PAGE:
Even though recipients who received liver grafts from older donors (70 and older) had improved outcomes with reduced mortality, graft loss and postoperative complications after transplantation, there is a decline in the use of liver grafts from older donors, finds a study. The results of the research are published in the journal JAMA Surgery.
More than 10 percent of patients waiting for a liver transplant die each year. This observational study looked at trends in the transplantation of livers from older donors (70 and older) and outcomes in recipients of these older livers from 2003 to 2016. There was a decrease in the use of liver grafts from older donors despite improvements in liver graft loss and death among recipients of these older liver grafts.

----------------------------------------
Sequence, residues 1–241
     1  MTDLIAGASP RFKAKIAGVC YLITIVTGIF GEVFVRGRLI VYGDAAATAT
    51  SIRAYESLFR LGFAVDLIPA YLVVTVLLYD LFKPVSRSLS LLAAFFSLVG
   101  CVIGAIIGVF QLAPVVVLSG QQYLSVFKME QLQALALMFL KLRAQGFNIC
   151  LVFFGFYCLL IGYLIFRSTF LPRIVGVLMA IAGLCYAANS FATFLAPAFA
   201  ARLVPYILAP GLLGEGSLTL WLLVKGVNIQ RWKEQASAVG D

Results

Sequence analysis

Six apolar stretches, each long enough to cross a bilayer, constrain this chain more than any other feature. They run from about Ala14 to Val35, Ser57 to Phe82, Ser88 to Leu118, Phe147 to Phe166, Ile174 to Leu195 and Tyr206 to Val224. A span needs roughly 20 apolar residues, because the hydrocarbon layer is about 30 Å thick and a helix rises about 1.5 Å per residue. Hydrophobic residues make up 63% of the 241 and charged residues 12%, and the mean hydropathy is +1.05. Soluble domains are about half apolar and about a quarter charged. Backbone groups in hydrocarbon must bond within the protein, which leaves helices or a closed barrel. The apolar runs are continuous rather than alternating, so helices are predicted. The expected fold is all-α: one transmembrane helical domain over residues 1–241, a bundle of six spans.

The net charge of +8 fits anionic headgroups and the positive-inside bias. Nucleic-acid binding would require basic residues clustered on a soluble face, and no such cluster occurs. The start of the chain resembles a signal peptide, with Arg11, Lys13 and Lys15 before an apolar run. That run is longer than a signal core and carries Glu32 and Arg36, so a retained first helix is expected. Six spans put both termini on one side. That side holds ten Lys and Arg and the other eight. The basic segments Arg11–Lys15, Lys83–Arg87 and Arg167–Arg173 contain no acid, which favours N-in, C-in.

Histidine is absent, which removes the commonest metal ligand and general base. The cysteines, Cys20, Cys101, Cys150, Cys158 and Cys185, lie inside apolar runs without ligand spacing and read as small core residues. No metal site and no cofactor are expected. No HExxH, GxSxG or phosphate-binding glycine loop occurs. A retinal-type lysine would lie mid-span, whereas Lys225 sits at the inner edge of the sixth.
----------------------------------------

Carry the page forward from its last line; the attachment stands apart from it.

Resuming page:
‘Liver transplantation is the usually reserved treatment option for people with end-stage chronic liver disease or liver failure.’
The study included 4,127 liver grafts from older donors and 3,350 liver-only recipients of these older liver grafts, and 78,990 liver grafts from younger donors (18 to 69) and 64,907 liver-only recipients of these younger liver grafts. A limitation of the study was the inability to determine whether the improvement in outcomes was associated with improved post-transplant care or improved older donor candidate selection. The findings suggest it may be reasonable to expand the donor pool with broader use of liver grafts from older donors.